“I didn’t know names had a tribal or pigment affiliation too. I thought that was only a reserve for our political selves!”
“Nyumba ndogo raha”
N/B: I found the three basic steps to becoming a Swahili, as revealed by Nasoro, really interesting.
The final story on the shortlist, Laure Gnagbe Bledou’s “I Didn’t Go Back” is one that I struggled with, I had to go back a few lines each time to get a hang of what I was reading. The story follows Stephanie, a young career woman grappling with the familial pressures to get married and settle down. This is an everyday tale, one every young woman in her mid-twenties would easily relate to, and I thank the writer for bringing it out. While going through it, the ubiquitous question of whether this story was written in French and translated to English as opposed to being originally composed in English kept occurring to me. I wish that if that was the case, it should have been mentioned so as to better prepare the reader that certain things may have been lost therein.
“If you have a friend who lives in Italy, you don’t present her saying that she lives in Europe right? And you don’t explain that you love her country because you’ve already been to Sweden and you love paella, right? So? Do you understand my exasperation?”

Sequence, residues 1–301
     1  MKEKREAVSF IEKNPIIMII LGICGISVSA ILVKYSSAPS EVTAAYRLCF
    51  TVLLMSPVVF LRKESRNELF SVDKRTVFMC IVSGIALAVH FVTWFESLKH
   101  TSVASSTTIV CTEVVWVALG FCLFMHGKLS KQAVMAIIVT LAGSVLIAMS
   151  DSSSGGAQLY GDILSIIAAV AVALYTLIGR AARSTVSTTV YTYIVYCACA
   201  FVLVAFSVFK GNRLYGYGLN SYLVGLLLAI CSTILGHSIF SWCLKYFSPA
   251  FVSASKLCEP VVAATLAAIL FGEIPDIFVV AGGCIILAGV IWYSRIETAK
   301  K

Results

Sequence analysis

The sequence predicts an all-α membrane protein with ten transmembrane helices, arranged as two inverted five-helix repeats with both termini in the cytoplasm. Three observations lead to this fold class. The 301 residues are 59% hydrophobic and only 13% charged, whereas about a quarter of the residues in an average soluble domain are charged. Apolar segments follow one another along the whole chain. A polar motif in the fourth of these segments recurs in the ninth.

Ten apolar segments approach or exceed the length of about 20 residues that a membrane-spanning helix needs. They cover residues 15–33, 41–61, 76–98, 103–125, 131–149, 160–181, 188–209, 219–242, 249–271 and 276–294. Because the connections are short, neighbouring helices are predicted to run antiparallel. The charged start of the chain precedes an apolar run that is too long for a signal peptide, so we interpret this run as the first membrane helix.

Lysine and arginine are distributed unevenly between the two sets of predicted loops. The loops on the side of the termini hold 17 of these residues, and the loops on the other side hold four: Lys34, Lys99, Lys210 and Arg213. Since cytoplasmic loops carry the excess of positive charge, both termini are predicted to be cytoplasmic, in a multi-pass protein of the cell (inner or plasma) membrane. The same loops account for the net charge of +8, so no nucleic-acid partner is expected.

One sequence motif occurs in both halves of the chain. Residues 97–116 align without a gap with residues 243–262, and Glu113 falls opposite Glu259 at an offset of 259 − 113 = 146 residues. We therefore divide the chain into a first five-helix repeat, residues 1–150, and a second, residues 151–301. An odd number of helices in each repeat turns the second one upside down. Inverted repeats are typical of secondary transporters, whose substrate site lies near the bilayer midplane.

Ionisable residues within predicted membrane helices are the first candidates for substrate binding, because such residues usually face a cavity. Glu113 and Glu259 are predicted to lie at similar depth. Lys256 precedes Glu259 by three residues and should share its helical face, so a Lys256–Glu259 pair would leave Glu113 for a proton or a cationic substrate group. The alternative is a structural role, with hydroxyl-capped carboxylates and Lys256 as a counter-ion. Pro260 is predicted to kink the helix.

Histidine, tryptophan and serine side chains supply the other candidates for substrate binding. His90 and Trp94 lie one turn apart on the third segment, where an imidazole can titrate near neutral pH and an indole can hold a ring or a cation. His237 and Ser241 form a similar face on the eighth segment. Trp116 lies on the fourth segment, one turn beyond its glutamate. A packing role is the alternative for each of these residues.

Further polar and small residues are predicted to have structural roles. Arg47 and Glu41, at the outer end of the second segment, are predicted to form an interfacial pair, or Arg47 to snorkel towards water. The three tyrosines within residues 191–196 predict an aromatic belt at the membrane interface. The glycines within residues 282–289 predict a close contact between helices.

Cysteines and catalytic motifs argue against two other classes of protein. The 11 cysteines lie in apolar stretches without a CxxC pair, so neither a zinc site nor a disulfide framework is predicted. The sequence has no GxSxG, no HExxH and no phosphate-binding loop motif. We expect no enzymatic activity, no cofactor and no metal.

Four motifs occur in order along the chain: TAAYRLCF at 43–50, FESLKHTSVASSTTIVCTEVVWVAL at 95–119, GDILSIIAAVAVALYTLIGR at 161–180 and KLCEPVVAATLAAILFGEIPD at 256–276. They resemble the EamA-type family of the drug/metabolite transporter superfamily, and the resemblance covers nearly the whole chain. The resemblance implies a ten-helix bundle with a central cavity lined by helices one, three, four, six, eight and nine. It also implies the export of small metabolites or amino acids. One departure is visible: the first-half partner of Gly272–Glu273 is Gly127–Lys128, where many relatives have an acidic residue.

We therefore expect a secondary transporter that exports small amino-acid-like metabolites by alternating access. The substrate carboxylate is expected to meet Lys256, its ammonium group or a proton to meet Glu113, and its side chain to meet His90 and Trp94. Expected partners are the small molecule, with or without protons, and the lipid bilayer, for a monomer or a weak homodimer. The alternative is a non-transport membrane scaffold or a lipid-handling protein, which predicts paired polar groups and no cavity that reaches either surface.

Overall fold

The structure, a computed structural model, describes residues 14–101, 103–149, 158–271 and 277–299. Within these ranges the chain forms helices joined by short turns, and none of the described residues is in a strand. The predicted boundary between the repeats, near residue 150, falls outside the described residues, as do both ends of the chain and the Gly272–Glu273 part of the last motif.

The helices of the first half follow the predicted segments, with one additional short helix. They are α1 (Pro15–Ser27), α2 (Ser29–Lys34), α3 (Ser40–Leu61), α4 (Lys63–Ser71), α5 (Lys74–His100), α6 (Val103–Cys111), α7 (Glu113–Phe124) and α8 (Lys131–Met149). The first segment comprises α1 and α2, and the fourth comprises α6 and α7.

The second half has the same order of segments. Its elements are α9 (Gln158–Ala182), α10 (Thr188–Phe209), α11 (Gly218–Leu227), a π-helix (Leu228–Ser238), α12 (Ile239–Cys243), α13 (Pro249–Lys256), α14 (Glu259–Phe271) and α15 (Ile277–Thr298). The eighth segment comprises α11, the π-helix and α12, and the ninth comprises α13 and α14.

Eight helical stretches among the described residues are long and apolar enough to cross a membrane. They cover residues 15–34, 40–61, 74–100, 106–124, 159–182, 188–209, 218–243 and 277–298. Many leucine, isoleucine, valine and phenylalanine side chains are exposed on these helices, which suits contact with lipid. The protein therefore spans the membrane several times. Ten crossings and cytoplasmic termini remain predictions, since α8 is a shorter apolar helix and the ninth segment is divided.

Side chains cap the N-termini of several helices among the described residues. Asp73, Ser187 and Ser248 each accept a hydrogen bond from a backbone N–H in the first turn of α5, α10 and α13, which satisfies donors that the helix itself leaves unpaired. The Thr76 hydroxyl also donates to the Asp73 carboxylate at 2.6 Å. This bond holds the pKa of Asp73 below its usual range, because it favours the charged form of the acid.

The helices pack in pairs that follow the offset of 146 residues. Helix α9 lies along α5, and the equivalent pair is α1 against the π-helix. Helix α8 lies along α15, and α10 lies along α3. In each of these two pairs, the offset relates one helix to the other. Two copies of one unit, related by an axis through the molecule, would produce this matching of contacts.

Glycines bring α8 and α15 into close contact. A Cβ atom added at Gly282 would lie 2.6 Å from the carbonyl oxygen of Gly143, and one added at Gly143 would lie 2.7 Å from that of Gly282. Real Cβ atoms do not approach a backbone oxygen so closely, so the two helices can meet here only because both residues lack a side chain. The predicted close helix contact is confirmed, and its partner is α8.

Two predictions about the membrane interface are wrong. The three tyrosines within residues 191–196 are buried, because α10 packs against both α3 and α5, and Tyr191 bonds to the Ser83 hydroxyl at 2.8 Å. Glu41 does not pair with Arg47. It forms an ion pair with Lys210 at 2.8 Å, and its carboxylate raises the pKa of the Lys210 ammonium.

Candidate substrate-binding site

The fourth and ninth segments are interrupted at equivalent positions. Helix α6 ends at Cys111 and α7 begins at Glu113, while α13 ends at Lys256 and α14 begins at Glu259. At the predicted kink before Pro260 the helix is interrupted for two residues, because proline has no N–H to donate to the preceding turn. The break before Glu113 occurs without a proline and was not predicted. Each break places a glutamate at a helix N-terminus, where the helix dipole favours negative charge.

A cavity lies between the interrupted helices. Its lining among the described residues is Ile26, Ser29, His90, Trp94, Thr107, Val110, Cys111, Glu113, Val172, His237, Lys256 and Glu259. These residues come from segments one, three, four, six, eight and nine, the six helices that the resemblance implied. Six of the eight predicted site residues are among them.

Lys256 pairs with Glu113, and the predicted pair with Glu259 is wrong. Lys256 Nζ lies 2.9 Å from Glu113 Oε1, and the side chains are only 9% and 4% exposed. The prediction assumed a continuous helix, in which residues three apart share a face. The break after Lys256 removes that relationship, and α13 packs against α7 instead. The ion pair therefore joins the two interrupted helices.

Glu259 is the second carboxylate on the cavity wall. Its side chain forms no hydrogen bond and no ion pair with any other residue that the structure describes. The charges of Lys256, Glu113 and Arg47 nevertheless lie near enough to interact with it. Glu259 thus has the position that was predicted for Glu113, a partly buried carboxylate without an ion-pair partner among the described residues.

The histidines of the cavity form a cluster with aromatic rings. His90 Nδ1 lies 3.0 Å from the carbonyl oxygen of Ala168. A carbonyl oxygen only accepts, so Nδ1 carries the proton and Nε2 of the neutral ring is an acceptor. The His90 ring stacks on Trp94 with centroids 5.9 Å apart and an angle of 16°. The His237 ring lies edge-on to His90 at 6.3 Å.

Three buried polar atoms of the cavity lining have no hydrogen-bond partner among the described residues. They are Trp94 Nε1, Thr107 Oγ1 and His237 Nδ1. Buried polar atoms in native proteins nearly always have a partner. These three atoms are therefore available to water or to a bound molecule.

The stories presented by this year’s Writivism shortlist are as dynamic and entertaining as last year when Pemi Aguda shocked us with the man-eating religious sect, Adeola Opeyemi gripped us with the devastating horrors of war, Dayo Ntwari thrilled us with his Sci-Fi story of a rescue mission gone awry, Saaleha Bhamjee soothed us with dialogue-packed story of love and contradictions and Nnedinma Jane Kalu broke our hearts with her haunting tale of new fathers that left us teary-eyed.
The Writivism team has done a really good job in paring all the stories submitted to them and gifting us with these five brilliant short stories that bring to us new voices in the literary scape.
I promised myself I would not play favourites and I wish all the shortlistees good luck. May the best story win!